10-09-2013 08:53 PM
Actually, now that I think about it, I'm not sure about that. Did the average horse owner only have one horse? I think the country was still mostly agrarian 100 years ago.
Probably a more pertinent question would be how much the average farrier makes per-job today compared to 100 years ago in equivalent dollars. Would a smaller number of book purchasers willing to pay a premium be sufficient to keep a small printer/publisher with a global reach (the "long tail") afloat?
Because many horses in use during the 1800s were rented, and because most farmers had more than one horse that worked as part of a team, it is unlikely that the average horse owner had only one horse.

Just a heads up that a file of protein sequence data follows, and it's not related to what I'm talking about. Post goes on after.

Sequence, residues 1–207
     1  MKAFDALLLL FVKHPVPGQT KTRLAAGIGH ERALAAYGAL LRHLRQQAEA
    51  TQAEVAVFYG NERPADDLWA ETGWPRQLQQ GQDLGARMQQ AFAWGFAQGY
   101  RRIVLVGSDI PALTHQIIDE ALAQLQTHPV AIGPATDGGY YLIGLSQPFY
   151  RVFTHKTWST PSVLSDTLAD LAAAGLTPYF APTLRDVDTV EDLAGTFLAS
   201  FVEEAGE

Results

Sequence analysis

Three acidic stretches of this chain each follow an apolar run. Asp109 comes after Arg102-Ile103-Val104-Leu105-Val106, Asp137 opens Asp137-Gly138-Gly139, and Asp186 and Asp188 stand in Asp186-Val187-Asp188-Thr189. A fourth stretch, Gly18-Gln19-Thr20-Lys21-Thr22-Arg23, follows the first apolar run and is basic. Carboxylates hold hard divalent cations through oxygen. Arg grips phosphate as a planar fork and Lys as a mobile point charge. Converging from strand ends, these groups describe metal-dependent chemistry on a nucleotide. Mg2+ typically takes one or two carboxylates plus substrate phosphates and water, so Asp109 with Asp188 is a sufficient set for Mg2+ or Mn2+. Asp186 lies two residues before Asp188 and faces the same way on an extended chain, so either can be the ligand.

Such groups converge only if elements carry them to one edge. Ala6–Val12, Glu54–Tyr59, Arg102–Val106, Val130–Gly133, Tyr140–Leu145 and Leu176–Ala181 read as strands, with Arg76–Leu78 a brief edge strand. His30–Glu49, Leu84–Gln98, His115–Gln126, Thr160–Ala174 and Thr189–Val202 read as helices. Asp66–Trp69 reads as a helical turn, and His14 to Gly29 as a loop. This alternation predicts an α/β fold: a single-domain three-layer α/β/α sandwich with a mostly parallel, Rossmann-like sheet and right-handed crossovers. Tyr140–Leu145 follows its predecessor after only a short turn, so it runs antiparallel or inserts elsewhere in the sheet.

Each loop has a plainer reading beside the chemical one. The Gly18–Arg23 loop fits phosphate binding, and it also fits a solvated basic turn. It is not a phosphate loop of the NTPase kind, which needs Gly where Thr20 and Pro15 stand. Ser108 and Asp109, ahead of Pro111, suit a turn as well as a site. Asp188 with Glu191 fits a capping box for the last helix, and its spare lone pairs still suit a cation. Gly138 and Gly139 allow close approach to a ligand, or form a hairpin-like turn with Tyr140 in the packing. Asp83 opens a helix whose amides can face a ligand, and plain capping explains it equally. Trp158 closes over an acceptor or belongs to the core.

My great uncles were farmers who used horse teams for work. Each of them owned a team of two work horses. One of my great uncles supplemented his income by working as a blacksmith. I have a friend who currently works as a blacksmith performing work for the Amish. Farriers are still in demand, and are still necessary to treat the hooves of domesticated horses. Since farriers are a more scarce commodity than in the 1800s, we shouldn't be surprised if they made a lot more money per job, measured in equivalent dollars. It's those pesky laws of Supply and Demand ...
The answer to your question about a small, niche book publisher would probably be yes. But there might be only one or two, and their products would probably be very expensive and not to be found on the NYT Best Sellers List.
10-09-2013 10:00 PM - edited 10-09-2013 10:31 PM
I think you are over-exaggerating the negative impact of DRM. Why are you so sure that future devices will not be able to read today's e-books?